Jim Simons and the Medallion fund uses many mean-reverting strategies
In Gregory Zuckerman’s unauthorized book about Jim Simons, Zuckerman claims that the managers of the highly successful Medallion Fund consider men revertive strategies as the “low hanging fruit”.
Why would he write that?
Mean-revertive strategies, in principle, are not complex and they are easy to understand: you go against moves in certain directions, either sharp and violent short-term moves or slow long-term moves. It’s easy both to understand and implement. They are also frequent enough to have a meaningful statistical significance.
Sentiment indicators are mean-reverting
Technical indicators are not the only mean-revertive indicators: sentiment indicators are also strongly mean-revertive by nature.
Let’s take one example: the put/call ratio which measures the number of puts and calls traded daily, weekly, or whatever time frame you are looking at. It serves as a measurement of the mood of the markets.
Because puts and calls, in reality, work like insurance, the ratio tends to rise in turbulence and vice versa. The graph below shows the put/call ratio for equities over the last three years:
The ratio measures the mood of the options market. Investors and traders tend to buy puts when equity prices go down, and because of this, the put/call ratio can be used as a sentiment indicator for mean-reversion strategies.
Drawbacks of mean reversion (mean reversion disadvantages – cons)
Every strategy has its pros and cons. What are the main drawbacks of a mean-reverting strategy?
First off, a mean-revertive strategy doesn’t let the profits run: you cut the winners and let the losers run, opposite of what many traders and gurus recommend. Because you aim for a regression to the mean you sell or close the position after a moderate move in your desired direction. You cut the winners.
And, as pointed out above, mean-reversion strategies are not happy when it comes to stop-losses. Mean-reversion works better without stops, and thus you let the losers run.
A third drawback is the profit distribution which is slightly negatively skewed to the left side of the x-axis. Unfortunately, many mean-reverting strategies are not evenly distributed: Most trades are around the mean with many winners, but at the same time a few big losers:
The win ratio is normally very high, but often the distribution has more big losers than big winners. In the pic above we see a high win ratio, but the left tail is “fat” while the right tail is “thin”.
Another key point about mean-reversion is high activity. To get a high CAGR you need to trade quite frequently. This is both positive and negative. The positive is that you normally can get faith in the system because of the big sample of trades. The drawback is, of course, slippage and commissions.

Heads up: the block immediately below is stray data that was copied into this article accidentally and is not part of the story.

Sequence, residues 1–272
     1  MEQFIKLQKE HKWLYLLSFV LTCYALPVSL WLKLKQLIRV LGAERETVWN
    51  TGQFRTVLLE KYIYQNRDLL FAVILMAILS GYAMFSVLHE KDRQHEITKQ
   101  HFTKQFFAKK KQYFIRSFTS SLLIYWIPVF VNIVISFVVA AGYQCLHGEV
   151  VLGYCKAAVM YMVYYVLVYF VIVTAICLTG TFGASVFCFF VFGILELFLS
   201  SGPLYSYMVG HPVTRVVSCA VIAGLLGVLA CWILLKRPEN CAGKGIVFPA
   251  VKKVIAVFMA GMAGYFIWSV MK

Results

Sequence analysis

However, the faith in a mean-reverting system can easily grind to a halt when you get the infrequent big loser.
Trend-following strategies normally have the opposite characteristics: fewer trades, lower win ratio, but most likely “thin” left tails and “fat” right tails: more big winners than losers. The biggest risk in trend-following is that your account slowly bleeds to death.
A mean-reversion strategy is more likely to deteriorate quickly. You can make a lot of money for over a year, only to see most or all of it disappear in a brief bear market.
This means that mean-reversion and trend-following require completely different mindsets, risks, and drawdowns.
How to create a mean reversion strategy:
The principles of mean reversion strategies are simple: you buy when something has fallen, and you sell when it has risen in value. In order to measure, you need a benchmark or a mean to create “bands” or levels where you consider going against the move. The principles can’t get any simpler than that.
We end the article by presenting a bullet point list on how to develop a mean-reversion strategy:
- You need an idea or a hypothesis. Make it as precise as possible to a testable hypothesis.
- Get data for the product you want to test. The best data have little to no errors, and preferably including delisted stocks to avoid survivorship bias.
- Make buy and sell rules with as few parameters/variables as possible to avoid curve-fitting the data to the past.
- The exit is important and often overlooked. Mean reversion strategies work best when you sell on strength.
- Test exit with time stops to verify robustness, preferably by using exits based on n-days (time exit).
- Use common sense. Be street-smart, not academic smart. Keep it simple, complexity is for the academics.
- Play with optimization to find out how the strategy performs with other sets of values.
- Test out of sample, preferably on a demo account for a few months.
The best mean reversion strategies
Because mean reversion has worked so well in the stock market for over two decades, most indicators that buy on weakness and sell on strength have worked.
We have covered many of these indicators and included examples and strategies in the articles. Here are a few sample of mean reversion strategies:
- 3 free mean reversion trading strategies (backtested buy and sell signals)
- 10 free swing strategies that work (backtested buy and sell signals)
- S&P 500 mean reversion using IBS and RSI
- The Turnaround Tuesday trading strategy
- A long-term pullback trading strategy in the S&P 500
- Lower highs and lower lows pattern (trading strategy)
- Higher highs and higher lows pattern (trading strategy)
- RSI SPY trading strategy (RSI(2) on SPY)
- 4 Overnight Trading Strategies In The S&P 500 (Strategies From Close To The Next Open)
- RSI QQQ (RSI mean reversion trading strategy QQQ)
- Do candlesticks work? A quantitative test of 23 candlestick patterns
- 3 bullish candlestick patterns that work
- XLP trading strategies (Is XLP good for trading?)
- Larry Connors’ Double Seven strategy (Double 7 trading strategy)
- Larry Connors’ multiple days up and multiple days down strategy
- Larry Connors’ %b strategy (Bollinger Bands)
- Larry Connors’ R3 strategy
- Larry Connors’ RSI 25 & RSI 75 strategy
- Larry Connors’ 3-day high/low strategy
- What happens when stock markets are oversold?
- What happens when stock markets are overbought?
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Mean reversion conclusions
There is no coincidence that Jim Simons indicates that mean-reversion strategies are the “low hanging fruit” in the equity markets. They are both easy to understand, implement, and are for most traders easy to execute. However, it has its drawdowns: you cut the winners and let the losers run.
Mean reversion is often intuitive: buy weakness and sell strengths. Because of this, we recommend mean-revertive systems, as a matter of fact, most of our systems are mean-revertive, but you need to diversify to different time frames, instruments, and by using filters.
How do you build or create a mean reversion strategy? You need to use the most important tool of any trader: statistics to quantify your hypotheses.